'Lace Up' celebrates Canadian skating history
Canada's Sports Hall of Fame unveils new exhibit
|Jamie Salé and David Pelletier's locker, which is part of the class of 2012 display. (Canada's Sports Hall of Fame)|
The three major ice sports -- figure skating, speed skating and ice hockey -- aren't just for elite athletes. Every winter, millions of people lace up their skates and enjoy skating at rinks and outdoors on rivers, ponds and canals.
The exhibit "Lace Up: Canada's Passion for Skating" will be on display at Canada's Sports Hall of Fame (CSHOF) (sportshall.ca) until Aug. 9. Opened July 1, 2011, CSHOF is a spectacular 40,000-square-foot facility located at Canada Olympic Park in Calgary, Alberta. Visitors can see things such as the skates four-time world champion Kurt Browning wore when he landed the first quadruple jump in world competition.
"We have an entire skating gallery called 'blade gallery,'" Janice Smith, director of exhibits and programming, said. "It features original costumes of figure skaters and speed skaters. They're animated, so they're actually in poses that you would have seen them skating in, which is really quite dynamic."
Other costumes on display in the "Lace Up" exhibit are CSHOF members Barbara Underhill and Paul Martini's free skate costumes from 1984, as well as Jamie Salé and David Pelletier's Love Story costumes. Salé and Pelletier were inducted into the CSHOF in 2012, joining names like Browning, Elvis Stojko, Brian Orser, Karen Magnussen and Don Jackson.
"Lace Up" is a perfect complement to the CSHOF's new partnership with WinSport Canada, in which school children take a learn-to-skate class at a rink at Canada Olympic Park and then come to the hall to see the collections and learn about Canadian Olympic history.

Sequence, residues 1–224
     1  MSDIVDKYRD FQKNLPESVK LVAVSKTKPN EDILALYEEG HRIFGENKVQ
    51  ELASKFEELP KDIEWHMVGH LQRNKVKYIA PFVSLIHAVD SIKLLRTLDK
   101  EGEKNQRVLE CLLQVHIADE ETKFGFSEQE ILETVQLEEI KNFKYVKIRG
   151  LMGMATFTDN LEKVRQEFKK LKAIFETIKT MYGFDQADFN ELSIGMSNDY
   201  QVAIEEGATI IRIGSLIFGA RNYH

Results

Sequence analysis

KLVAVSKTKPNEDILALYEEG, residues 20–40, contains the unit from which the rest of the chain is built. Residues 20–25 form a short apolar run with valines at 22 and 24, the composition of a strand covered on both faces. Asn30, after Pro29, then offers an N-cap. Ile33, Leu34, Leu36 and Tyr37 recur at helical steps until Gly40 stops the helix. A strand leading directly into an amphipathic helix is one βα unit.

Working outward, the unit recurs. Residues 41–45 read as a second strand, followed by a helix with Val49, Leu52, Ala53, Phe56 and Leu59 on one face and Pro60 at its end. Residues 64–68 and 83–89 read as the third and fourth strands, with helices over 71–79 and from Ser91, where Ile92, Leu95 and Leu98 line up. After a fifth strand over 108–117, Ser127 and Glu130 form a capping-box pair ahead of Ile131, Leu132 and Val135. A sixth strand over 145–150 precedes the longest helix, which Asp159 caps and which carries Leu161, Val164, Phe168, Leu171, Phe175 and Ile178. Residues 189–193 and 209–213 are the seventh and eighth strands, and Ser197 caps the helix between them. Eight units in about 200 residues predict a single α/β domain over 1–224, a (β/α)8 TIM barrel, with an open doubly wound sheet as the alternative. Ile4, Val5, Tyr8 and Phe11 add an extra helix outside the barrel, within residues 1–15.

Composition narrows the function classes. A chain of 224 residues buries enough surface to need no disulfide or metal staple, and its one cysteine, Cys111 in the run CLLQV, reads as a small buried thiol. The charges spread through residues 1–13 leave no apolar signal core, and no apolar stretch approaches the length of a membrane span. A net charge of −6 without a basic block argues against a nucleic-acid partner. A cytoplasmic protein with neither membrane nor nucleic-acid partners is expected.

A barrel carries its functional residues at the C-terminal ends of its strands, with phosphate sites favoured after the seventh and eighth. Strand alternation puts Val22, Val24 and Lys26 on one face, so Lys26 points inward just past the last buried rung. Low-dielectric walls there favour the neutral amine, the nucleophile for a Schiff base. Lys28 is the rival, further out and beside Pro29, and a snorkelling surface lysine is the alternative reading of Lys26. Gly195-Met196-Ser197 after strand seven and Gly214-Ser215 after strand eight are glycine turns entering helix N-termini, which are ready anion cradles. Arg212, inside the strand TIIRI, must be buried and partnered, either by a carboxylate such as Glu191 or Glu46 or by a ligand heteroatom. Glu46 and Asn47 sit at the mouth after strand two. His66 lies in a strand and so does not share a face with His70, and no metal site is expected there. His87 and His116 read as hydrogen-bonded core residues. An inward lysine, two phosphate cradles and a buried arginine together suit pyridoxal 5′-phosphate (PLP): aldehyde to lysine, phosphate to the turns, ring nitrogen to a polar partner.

"Our teachings come directly from our honored members' stories," Smith said. "We're teaching the values that our honored members instill related to sport -- whether it's setting goals or teamwork or inspiration, which are values the students can equate to their own lives.
"It doesn't have to mean that they're involved in sports; it could be something they aspire to do or to be. We're utilizing original collections and artifacts to help tell some of those stories."
There are extensive video collections of figure skaters and speed skaters, as well as other sports. Browning narrates an exhibit element called "Ask the Athletes," where he describes parts of his life, such as how he learned to skate. There's an interactive component that teaches visitors about the science and technology of skating.
More than 140 of the CSHOF's honored members have been interviewed, including world pairs champions Maria Jelinek and Otto Jelinek, who immigrated to Canada from Czechoslovakia with their family and won the world title in the country of their birth in 1962.
"We have some amazing photographs of the Jelineks," Smith said. "They're part of a huge collection of photos we have in the hall from (the late) Michael Burns (a renowned sports photographer)."
Honored member Sheldon Galbraith -- coach of fellow CSHOFers Barbara Wagner and Robert Paul, Frances Dafoe and Norris Bowden, and Barbara Ann Scott -- loaned the CSHOF some books from his extensive collection. One book showed various compulsory figure patterns.
"We transposed five onto a mural that is the backdrop of our blade gallery," Smith said.
CSHOF also has the hat Galbraith wore at outdoor competitions, his armband identification tags and some of his notebooks.
There are also displays showing the evolution of speed skates over the years. Smith said they have some unique skates from Japan that look like flip flops with blades attached at the bottom.
"We like to do comparisons and talk about the evolution of equipment as well," Smith said. "That's an element students get to see, of how those innovations have changed the sport."
The CSHOF also features items like medals, Olympic torches, some life-sized statues and even a square hockey puck. An upcoming project will involve having skaters and hockey players live on site interacting with visitors.
"It's really important that we have the opportunity to share the history of the ice-related sports," Smith said. "They're truly part of Canada's national identity."